Lower Big Piney

Once upon a time, a bunch of friends wanted to go paddling. They scoured the land for a river that was not too dull for the skilled paddlers in the group and not too difficult for the rank newcomers. They found themselves beset by many obstacles. Many of the potential paddlers did not have the gear for the journey, and those who had gear to loan lacked space for it in or on their trusty Subaru steed. One of their number fell by the wayside, while others joined the expedition at the last-minute. Despite the challenges the group faced, through careful planning and preparation, they managed to get to their destination – the Lower Piney – unscathed.

Our group convened at a handy McDonald’s in Conway. All together we had our family, Mitch and Rachel, Chris, and Cole in two vehicles when we left lunch. Yes, lunch. A late float is often a better float.

At the take out we were happy to see our friend Ti and his son. I was especially excited about this trip, because Ti had brought one of his C1 boats to try, which was awesome because I had been eyeing them for a while, and more importantly because my doctor said a pedestal would be better for my back than a kayak seat. (A C1 boat is basically a kayak with a canoe pedestal installed. You wear a skirt, only have one paddle blade, and kneel instead of sit inside of the boat.)


Mom and Bryan are still playing around with the whitewater canoes we’ve borrowed from Steve Shepherd, but I really enjoyed paddling the smaller, quicker C1.


I think all three of us have been pretty surprised about the way it feels to paddle canoes. After a year spent getting used to kayaks, it was weird to find that moving a bigger boat with a single-blade paddle was so different. But after playing with the boats and getting some good instruction, I think we’ve all been happy about how much fun we’ve had in the canoes. We’ll need to give Steve’s boats back soon, but I think we’d all like to have a whitewater canoe around the house.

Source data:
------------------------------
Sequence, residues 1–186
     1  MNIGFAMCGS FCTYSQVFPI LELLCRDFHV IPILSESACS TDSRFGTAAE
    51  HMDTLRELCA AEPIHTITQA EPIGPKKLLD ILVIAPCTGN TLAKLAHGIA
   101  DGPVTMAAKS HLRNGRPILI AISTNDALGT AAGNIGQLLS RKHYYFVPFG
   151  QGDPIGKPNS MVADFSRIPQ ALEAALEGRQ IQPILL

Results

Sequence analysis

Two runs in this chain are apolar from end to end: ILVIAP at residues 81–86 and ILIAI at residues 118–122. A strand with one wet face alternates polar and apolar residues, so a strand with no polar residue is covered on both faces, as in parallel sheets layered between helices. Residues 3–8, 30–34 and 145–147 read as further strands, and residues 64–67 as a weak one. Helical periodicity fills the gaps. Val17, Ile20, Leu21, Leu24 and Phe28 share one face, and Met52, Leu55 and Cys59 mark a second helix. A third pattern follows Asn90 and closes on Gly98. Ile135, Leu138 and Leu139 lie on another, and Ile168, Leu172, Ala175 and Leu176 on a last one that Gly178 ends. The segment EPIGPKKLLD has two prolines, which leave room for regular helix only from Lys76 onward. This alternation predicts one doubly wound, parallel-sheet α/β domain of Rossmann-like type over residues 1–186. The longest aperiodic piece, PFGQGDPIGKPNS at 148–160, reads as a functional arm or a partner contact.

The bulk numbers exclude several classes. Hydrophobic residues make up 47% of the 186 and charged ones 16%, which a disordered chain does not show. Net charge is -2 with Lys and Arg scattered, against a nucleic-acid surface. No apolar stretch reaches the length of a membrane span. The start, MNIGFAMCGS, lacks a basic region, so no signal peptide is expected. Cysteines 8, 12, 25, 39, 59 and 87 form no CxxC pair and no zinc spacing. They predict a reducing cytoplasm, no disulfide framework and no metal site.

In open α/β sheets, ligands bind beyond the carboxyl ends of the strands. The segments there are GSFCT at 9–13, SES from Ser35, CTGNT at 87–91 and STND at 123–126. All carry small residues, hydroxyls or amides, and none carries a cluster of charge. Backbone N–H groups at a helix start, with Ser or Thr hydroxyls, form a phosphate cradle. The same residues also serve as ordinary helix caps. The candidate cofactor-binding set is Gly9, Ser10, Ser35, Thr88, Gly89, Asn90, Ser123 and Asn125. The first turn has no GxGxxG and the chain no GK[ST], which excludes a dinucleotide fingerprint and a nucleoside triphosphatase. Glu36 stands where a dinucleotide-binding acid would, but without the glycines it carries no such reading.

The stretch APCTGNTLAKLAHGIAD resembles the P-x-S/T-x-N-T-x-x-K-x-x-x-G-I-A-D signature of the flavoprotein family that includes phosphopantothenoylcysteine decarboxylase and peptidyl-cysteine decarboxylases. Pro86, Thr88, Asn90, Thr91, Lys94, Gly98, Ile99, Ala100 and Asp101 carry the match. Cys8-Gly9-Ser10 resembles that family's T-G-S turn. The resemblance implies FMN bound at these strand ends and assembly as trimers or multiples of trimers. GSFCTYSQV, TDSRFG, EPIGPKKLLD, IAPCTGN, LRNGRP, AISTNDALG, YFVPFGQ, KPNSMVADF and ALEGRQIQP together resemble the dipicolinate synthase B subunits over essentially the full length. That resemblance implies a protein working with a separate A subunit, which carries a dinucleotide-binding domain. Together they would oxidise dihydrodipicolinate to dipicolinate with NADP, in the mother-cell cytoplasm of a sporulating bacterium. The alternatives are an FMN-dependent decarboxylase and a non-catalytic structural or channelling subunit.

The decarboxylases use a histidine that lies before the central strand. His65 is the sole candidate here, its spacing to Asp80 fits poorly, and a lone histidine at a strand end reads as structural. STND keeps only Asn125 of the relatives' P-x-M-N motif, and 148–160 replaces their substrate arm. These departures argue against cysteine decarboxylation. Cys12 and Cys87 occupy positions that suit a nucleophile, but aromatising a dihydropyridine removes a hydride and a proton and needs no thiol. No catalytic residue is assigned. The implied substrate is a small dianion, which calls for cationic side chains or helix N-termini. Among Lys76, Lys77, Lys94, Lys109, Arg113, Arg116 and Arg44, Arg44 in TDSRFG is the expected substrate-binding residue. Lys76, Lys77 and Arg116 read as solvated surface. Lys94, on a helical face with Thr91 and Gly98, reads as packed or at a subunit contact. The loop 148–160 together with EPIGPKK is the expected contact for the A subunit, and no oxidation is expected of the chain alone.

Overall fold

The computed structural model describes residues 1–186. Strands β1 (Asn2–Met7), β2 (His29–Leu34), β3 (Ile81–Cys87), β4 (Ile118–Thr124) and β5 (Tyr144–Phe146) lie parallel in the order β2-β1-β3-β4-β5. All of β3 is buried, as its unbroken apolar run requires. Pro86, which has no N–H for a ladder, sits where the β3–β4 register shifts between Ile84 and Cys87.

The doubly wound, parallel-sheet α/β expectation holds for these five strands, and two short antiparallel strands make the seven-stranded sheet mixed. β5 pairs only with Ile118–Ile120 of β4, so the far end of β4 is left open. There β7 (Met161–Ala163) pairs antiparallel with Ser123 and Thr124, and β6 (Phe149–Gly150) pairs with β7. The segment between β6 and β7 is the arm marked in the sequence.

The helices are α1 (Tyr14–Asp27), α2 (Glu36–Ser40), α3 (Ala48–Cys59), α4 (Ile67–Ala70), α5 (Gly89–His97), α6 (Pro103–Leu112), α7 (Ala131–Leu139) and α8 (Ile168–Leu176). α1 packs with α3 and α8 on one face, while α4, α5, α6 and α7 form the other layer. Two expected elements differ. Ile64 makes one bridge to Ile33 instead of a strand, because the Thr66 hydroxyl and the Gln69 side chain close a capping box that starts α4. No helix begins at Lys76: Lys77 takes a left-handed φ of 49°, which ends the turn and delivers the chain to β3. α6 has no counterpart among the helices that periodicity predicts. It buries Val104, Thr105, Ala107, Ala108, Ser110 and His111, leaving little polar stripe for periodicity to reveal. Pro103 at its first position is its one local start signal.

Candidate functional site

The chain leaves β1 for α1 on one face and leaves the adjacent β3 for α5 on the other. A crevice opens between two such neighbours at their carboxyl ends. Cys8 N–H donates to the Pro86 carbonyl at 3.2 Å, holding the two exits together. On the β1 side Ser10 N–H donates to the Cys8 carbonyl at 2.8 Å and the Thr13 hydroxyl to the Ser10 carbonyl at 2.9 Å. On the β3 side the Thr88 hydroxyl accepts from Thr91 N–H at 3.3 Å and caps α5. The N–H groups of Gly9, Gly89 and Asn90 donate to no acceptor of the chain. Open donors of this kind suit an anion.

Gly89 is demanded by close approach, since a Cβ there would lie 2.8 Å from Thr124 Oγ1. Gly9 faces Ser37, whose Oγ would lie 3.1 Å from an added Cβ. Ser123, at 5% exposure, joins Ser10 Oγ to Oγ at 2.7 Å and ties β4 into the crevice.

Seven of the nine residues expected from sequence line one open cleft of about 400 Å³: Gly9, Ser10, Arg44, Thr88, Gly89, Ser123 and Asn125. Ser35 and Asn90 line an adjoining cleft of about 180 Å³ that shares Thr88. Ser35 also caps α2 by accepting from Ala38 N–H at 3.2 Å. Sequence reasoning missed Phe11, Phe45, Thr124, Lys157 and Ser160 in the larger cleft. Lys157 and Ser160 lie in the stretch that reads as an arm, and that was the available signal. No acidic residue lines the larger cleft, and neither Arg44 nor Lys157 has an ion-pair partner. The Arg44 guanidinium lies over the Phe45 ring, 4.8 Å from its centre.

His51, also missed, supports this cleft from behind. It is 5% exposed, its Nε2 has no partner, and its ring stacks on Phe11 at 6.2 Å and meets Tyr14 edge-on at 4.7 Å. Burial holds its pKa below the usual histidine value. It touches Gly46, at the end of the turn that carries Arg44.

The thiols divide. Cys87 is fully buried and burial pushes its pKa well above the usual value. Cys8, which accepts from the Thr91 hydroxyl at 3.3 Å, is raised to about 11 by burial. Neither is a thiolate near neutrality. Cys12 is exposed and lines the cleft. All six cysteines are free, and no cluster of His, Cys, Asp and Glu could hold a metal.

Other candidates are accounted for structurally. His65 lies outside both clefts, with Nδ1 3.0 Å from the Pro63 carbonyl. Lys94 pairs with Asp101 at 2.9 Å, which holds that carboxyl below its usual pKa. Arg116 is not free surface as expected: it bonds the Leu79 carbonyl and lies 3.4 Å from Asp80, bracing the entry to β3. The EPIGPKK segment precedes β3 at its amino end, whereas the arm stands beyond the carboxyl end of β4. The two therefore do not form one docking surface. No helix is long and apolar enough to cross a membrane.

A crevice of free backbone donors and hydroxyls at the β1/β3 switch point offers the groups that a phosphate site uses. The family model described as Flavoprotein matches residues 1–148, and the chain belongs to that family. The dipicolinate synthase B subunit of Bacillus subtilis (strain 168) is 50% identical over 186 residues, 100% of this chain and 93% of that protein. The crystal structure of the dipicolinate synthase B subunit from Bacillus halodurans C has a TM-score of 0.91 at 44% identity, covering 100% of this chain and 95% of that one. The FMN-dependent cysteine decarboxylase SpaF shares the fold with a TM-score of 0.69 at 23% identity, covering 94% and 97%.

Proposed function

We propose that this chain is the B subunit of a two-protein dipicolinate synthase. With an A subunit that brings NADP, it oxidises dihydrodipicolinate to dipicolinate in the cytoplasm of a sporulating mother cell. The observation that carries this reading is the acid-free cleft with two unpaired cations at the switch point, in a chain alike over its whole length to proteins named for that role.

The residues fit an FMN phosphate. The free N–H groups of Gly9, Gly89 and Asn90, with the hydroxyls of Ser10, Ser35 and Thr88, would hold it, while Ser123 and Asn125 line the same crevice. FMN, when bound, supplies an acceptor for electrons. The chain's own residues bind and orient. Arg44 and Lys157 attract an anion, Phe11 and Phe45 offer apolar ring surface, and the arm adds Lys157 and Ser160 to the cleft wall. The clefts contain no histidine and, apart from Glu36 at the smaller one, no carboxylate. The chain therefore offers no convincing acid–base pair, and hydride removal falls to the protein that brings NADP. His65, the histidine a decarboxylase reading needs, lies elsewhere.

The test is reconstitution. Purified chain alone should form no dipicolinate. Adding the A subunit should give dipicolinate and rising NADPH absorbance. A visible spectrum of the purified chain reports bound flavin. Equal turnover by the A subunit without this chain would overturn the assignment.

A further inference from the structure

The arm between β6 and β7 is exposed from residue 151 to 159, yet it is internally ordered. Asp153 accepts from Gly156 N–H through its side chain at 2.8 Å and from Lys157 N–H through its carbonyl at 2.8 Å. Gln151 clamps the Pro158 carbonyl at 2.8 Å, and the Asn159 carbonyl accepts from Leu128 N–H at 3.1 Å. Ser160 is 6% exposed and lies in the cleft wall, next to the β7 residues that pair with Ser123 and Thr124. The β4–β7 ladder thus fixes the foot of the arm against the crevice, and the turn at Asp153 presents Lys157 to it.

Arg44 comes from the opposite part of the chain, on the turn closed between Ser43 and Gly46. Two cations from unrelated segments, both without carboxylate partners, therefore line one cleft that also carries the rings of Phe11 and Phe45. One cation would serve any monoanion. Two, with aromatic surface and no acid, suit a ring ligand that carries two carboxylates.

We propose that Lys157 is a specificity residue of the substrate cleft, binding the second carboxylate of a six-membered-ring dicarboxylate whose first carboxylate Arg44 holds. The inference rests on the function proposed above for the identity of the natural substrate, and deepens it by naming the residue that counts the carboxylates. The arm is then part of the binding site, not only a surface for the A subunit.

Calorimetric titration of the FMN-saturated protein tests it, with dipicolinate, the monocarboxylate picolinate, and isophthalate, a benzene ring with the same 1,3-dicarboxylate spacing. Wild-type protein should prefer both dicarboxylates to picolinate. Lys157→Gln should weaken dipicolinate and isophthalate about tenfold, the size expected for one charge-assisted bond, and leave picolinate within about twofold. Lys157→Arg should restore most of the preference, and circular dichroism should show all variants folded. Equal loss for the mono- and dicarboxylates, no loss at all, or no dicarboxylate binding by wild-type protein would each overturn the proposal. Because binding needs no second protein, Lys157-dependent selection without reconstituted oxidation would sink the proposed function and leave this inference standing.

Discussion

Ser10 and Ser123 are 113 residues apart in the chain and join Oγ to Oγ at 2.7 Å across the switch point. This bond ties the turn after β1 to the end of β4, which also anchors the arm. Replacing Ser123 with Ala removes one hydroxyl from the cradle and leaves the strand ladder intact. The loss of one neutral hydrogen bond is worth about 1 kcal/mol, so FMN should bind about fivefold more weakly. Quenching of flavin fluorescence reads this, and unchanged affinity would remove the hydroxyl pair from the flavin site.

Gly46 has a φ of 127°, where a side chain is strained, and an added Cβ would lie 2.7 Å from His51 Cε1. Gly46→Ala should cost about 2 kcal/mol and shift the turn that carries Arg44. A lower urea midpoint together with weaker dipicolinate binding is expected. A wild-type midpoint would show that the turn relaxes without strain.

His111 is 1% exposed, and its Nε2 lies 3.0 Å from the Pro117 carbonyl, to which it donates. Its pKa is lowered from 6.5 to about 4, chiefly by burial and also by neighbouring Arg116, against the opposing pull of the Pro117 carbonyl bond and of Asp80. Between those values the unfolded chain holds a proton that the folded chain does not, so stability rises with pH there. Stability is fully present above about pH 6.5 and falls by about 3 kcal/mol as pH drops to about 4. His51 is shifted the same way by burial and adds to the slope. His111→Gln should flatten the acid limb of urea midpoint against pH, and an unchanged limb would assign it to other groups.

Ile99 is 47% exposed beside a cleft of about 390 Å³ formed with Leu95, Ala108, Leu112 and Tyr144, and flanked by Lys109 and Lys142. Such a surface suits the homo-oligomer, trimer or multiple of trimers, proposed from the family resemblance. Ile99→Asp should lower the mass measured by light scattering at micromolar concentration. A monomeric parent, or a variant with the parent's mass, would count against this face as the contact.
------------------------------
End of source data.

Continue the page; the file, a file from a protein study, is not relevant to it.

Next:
The Lower Big Piney is very pretty and also tons of fun. It has lots of friendly little play waves in mild rapids that are punctuated by only slightly annoying long pools. It also has tons of potential for stupid jumping off of stuff.

I think we all noticed the rope swing on the bank of one of the pools, with some people playing around it. I doubt any of our group would have visited it if it hadn’t been for Chris, who made a beeline for the rope. He got out and started to put his boat on the tree. Cole climbed up into the tree and jumped before Chris had totally situated himself. (Cole said he wanted to swing before Chris broke the rope.)


After Cole’s pretty good upside down cannonball, Chris got a push from a friendly stranger, and swung out semi-gracefully onto the water. The rope remained intact. Mom wouldn’t let me jump because of my back.


After the rope swing, I guess Monkey was looking for a bigger jump, and she found one. As we rounded a bend in the river we saw a woman jump from a bluff about 25 feet into the water. Well, of course Monkey had to clamber up to try it, too . This time she landed weird on her hand, and couldn’t feel it for awhile. Hurt hand or not, it looked like she had fun.

The third eventful thing happened at a larger wave. We all pulled into the eddy without incident and several of us took turns trying to get onto the wave and surf. Most of the time we ended up getting blown out immediately.


Cole’s been paddling his new C1 this summer, but for this wave he got into Mom’s Ovation and surfed in it for awhile. Chris and Cole were able to surf longer than the rest of us, but they’ve been paddling a lot longer, too.


Once, though, I finally stayed on the wave until it pushed me to river left and flipped me over. I’m not supposed to try to roll until we know it’s safe for my back, so I tucked and was about to pull my skirt when I hit a rock on my life jacket. After that I stayed tucked, occasionally pushing my paddle off the bottom for a breath, and got hit by more rocks. Only one really scraped at my bare shoulder, and it ended up being an underwhelming scrape – thank you, life jacket! At some point I braced up and said “I guess I could swim now…” and pulled the skirt. Normally I just kind of slide out of the boat once I do that, but this time I got my foot stuck. After I struggled for a bit, Chris paddled up next to me and held my arm and talked to me as I extracted my foot from the outfitting and pulled myself out from under the boat. It was a lesson learned – always be sure you can swim out of any boat you borrow. I’m glad that I got stuck in easy water with Chris nearby to lend a hand.


I was able to get into Monkey’s playboat at the very end of the day. It felt great to be back in a kayak again, and I had fun spinning in a tiny little spin hole I found. Mom said I looked pretty happy.


After pulling up at the Game & Fish take out, we changed clothes and loaded up the boats. We piled back into our cars and skidded through the mud and headed to Conway to eat supper at Old Chicago. in Conway to eat. I had some awesome spaghetti pie and everyone else had pizza that they claimed was good. But I think mine was better.